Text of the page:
Donaldson won’t get back to his MVP form from 2015 which saw him hit 41 home runs, but 30 is within reach. Health is a major concern and he may be hard pressed to touch his career .275 batting average, but there’s value and upside with his ninth-round price tag. Donaldson was a risk last season due to his early season injury, but the cost has been reduced in 2019. If JD can make it through the spring fully healthy, his price will rise, but that’ll be a good sign for his outlook.
Justin Turner – Los Angeles Dodgers
Fantrax ADP: 100/3B14
There’s no reason Justin Turner’s ADP should be 3B14. He has top 10 upside and as we get closer to the season his ADP will rise. Even if he sees a spike in his price, he should still provide owners with some value on draft day. Turner won’t breakout or have a career season and he’s not a true sleeper, but you’re getting him at a discount due to a wrist injury which limited him to 103 games and 426 plate appearances in 2018. Turner still hit 14 home runs with a solid slash line: .312/.406/.518. He’s hit at least .275 in each of his five seasons with the Dodgers and his 88 contact percentage from last season was his highest in seven years. He’s an 86 percent contact hitter for his career, so expect at least a .280 average with around 20 home runs.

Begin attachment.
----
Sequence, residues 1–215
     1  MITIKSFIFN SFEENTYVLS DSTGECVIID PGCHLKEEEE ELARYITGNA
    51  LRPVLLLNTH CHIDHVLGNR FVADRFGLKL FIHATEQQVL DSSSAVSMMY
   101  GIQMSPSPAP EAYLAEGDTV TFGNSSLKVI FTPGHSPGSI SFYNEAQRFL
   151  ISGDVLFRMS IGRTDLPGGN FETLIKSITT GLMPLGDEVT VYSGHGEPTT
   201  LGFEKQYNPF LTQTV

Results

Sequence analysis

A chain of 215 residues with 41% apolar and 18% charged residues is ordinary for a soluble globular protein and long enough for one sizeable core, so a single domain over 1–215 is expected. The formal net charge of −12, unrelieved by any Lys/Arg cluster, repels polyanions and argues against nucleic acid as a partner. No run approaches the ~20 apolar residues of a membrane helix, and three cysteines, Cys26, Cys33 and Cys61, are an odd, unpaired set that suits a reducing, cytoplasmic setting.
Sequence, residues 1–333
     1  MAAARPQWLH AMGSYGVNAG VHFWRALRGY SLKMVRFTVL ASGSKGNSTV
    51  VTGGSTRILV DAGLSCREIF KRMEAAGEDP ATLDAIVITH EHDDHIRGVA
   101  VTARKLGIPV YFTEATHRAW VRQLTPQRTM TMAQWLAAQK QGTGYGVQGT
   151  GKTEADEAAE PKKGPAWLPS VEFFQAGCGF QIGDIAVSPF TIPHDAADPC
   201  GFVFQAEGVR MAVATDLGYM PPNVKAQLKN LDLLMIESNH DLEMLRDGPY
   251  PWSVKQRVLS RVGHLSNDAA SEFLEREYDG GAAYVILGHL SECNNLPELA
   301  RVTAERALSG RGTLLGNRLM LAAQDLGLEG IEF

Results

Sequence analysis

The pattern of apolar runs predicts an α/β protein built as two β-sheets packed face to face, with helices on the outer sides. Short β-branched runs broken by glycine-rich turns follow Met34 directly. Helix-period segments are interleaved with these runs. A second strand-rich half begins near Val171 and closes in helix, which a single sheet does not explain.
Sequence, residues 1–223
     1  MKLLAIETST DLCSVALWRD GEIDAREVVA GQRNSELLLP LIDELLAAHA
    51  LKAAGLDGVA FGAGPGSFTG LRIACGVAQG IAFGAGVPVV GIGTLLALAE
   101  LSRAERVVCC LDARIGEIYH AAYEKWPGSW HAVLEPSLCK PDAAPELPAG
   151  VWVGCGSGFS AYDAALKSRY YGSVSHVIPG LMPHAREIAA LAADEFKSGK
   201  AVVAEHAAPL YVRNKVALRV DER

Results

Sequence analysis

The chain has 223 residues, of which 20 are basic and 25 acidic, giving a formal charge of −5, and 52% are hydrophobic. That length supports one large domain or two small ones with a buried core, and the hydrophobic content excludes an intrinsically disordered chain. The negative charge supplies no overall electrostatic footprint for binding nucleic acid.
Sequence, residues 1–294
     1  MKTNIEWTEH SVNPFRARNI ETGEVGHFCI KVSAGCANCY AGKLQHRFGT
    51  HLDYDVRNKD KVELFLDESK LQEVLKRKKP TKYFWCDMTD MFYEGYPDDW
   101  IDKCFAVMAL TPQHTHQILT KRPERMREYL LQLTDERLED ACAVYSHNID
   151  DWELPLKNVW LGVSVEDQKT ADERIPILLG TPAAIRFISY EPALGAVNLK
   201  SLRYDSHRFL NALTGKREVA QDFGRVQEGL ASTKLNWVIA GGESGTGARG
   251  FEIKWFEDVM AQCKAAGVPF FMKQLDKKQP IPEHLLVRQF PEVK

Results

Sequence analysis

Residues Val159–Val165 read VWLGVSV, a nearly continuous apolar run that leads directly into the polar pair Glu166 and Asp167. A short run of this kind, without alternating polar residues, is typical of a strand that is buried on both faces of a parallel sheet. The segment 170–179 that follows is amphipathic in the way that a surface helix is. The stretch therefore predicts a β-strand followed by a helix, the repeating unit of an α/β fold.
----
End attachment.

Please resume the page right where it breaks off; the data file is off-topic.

Rafael Devers – Boston Red Sox
Fantrax ADP: 150/3B16
Rafael Devers showed tremendous power in his second season in the Majors as he crushed 21 bombs over 490 plate appearances. A couple different stints on the DL caused some inconsistencies in his game, but the 22-year-old has tremendous upside. His fielding is shady and Eduardo Nunez remains with the Red Sox, but he’s basically there to fill in for when Dustin Pedroia goes down.
Devers’ .240/.298/.433 slash line was underwhelming in 2018, but he impressed with a .294 average over 34 postseason at-bats. Devers was on his way to flirting with 30 home runs as he had 14 of his 21 in the first half of the season. He did that over 367 plate appearances, compared to just 123 in the second half due to injuries. Word out of Boston, is that Devers hired a personal trainer to help with his conditioning. The strikeouts are a slight concern and the walk rate could be better, but I’ll stress that he’s still young. This is a very good hitter in a very good lineup.
Maikel Franco, 3B – Philadelphia Phillies (ADP 282)